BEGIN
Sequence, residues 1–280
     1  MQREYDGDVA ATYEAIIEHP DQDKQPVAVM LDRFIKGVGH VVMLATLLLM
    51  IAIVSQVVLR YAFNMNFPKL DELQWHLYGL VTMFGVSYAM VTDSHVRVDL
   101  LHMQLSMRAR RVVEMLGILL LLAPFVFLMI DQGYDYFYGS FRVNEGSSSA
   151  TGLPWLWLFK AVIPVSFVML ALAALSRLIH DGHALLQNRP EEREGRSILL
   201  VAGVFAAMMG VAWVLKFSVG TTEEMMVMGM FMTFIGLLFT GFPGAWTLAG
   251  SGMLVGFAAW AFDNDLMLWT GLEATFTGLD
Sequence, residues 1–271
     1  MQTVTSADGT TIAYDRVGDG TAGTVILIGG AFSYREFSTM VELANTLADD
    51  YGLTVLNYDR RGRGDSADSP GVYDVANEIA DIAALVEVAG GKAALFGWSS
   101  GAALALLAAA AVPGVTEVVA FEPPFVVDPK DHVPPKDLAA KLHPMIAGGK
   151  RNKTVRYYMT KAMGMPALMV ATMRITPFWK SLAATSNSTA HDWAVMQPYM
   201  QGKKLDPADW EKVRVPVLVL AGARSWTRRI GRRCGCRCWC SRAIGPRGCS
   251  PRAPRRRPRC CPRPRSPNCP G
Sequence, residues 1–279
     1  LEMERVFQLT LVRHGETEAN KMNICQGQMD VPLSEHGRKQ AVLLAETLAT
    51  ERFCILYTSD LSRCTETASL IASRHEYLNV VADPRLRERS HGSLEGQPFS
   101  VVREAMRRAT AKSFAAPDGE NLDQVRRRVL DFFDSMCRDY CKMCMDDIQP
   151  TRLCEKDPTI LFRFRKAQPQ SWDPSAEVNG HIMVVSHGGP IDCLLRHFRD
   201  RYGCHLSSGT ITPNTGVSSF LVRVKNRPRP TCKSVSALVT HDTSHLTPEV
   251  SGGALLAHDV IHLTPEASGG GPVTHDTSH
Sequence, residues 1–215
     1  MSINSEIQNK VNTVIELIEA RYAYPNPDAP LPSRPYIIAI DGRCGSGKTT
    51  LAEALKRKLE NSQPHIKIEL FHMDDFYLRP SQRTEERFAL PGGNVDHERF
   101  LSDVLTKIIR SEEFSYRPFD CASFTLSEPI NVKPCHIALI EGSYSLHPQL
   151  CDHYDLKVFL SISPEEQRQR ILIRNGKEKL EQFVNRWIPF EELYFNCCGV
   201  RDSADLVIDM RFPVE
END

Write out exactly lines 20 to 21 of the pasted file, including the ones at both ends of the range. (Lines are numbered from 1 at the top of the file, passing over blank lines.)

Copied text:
   201  RYGCHLSSGT ITPNTGVSSF LVRVKNRPRP TCKSVSALVT HDTSHLTPEV
   251  SGGALLAHDV IHLTPEASGG GPVTHDTSH